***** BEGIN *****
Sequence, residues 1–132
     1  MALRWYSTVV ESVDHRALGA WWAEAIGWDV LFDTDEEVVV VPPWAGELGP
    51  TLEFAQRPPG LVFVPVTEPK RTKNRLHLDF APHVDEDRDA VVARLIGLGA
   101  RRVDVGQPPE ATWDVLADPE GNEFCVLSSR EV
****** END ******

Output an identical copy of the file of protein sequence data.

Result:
Sequence, residues 1–132
     1  MALRWYSTVV ESVDHRALGA WWAEAIGWDV LFDTDEEVVV VPPWAGELGP
    51  TLEFAQRPPG LVFVPVTEPK RTKNRLHLDF APHVDEDRDA VVARLIGLGA
   101  RRVDVGQPPE ATWDVLADPE GNEFCVLSSR EV